Procurement often struggles with the perception of its value. But could the issue be traced back to the culture expected by its stakeholders?
What is Procurement’s business value? Is it doing a great job and does the business agree? If the perception of procurement is less than we desire, it is possible to change it?
These are the tough questions we explore within this article. Warning…this article may offend some people! Yet, if we are to make progress, it’s time to be honest.
Procurement’s Perceived Value
If you ask a procurement person if they are doing a great job, most will agree. They might say they are working to tight deadlines, complying to complex processes with limited resources and information, they do the best they can. Generally, it’s a fair assessment.
However if we ask the business the same question the response can be brutal, “No, they are not.”
The feeling is that procurement is driven by price, that they are reactive, and that procurement never brings new ideas into the business. Frequently procurement are used out of necessity, but their involvement is not desired.
This revelation can be upsetting to many within Procurement, especially when their is a clear desire to be considered as a trusted advisor, pro-active and a business capability that adds value.
If a negative perception of procurement is something you face within your organisation then we have some good news! It isn’t your fault, and it is possible to change it.
Stakeholders & Customers
“Why is there such a disconnect?”
To help us identify what might be going wrong with the perception of procurement, we need to identify the main business areas involved.
There are four main groups that are important customers and/or stakeholders to procurement:
1. Head of the Business/CEO/CFO
This individual is responsible for budget approval, business strategy and might even decide if there is a procurement department. Their ability to decide Procurement’s future makes them a critical stakeholder for the function.
2. Business leaders/Budget Holders
This group are responsible for bringing requirements to procurement, and procurement needs their business. Losing the support of the business leaders could see a drive to outsource/automate the procurement department.
3. Supply Chain
The suppliers provide the solutions to the business leaders requirements. No suppliers means no business solutions.
4. Head of Procurement/CPO
This individual is responsible for employment, pay rises and promotions within the procurement team. As this person holds the career of the Procurement Practitioner in their hands, they are a key stakeholder.
Procurement’s Culture Today
If we accept procurement’s culture largely remains focused on price, then we need to know why. Even will all the evolution in procurement, it’s clear that this is still prevalent. Here’s why:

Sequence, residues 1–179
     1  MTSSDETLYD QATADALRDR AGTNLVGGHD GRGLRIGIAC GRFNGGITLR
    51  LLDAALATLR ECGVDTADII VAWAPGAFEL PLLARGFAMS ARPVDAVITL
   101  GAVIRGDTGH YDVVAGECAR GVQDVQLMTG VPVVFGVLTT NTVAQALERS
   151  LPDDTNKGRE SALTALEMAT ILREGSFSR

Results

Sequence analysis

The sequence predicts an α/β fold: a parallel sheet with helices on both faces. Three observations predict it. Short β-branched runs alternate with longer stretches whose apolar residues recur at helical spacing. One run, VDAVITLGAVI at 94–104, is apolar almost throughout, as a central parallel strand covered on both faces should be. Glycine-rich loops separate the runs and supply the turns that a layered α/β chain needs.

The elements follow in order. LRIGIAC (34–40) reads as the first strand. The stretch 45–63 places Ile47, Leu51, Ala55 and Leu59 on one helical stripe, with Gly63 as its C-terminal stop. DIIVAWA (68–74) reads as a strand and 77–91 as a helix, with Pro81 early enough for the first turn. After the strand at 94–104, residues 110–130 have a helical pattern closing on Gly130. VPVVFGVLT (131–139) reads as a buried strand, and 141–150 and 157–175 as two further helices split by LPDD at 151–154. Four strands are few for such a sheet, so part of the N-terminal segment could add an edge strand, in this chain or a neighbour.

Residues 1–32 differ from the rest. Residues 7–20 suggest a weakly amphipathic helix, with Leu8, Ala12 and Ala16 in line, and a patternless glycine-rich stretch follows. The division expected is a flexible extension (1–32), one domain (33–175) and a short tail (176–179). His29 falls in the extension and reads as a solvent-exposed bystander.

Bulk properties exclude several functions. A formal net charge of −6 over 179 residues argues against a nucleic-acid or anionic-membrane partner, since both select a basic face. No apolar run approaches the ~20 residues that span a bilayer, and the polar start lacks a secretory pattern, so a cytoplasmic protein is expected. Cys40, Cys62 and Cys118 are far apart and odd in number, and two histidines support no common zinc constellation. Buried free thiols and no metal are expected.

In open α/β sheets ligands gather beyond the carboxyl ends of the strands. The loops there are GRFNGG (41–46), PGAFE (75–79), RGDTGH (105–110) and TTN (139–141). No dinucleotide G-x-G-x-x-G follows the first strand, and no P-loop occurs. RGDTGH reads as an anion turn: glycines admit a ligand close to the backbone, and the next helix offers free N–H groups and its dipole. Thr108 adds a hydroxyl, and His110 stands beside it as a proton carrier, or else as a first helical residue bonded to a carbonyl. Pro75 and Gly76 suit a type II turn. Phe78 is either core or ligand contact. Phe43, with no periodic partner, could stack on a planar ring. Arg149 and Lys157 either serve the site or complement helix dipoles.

- The number 1 driver for the current procurement culture is the CEO (or CFO or equivalent)
Traditionally, to this individual procurement is principally a ‘cost centre’. The greatest value procurement offers them is keeping their costs to a minimum.
- The next driver for procurement is the CPO
The CPO wants to ensure they meet the needs of the CEO/CFO. This is critical in ensuring they retain the support from the senior stakeholders.
Therefore maximising cost reductions are critical, realised through contract savings. This culture is amplified further by attaching procurement salary bonuses for achieving contract savings.
- The third driver for procurement culture is business leaders
The culture is already firmly established on reducing costs/price to achieve a procurement agenda. The business leaders can struggle to identify any real business value in procurement engagements, resulting in a strained relationship.
- The final group driving procurement culture is the Supply Chain
The culture of the engagement is based on a drive to reduce supplier margins. With no real focus on collaboration, promoting success, or becoming a customer of choice, it is a one way relationship focused on procurement success. This results in an engagement with little or no trust.
To recap, because the culture is coming down from the CEO/CFO it creates a culture focused on savings, which continues to flow down into the business and the supply chain and can result in the business leaders and the supply chain trying to by-pass procurement.
Culture From the Top
But all is not lost. In the second part of this article, we’ll propose an alternative cultural model that will drive benefit for all four stakeholder groups, plus procurement.
This will also help optimise procurement practitioners’ individual value, an aspect critical for attracting the best talent and talent retention.
“Perceived value can be in response to how you engage, which is a result of your culture, and is influenced by your drivers.”
POD Procurement is a consultancy and advisory for Procurement Transformation. For more information, and to read more about the POD Model, visit our website.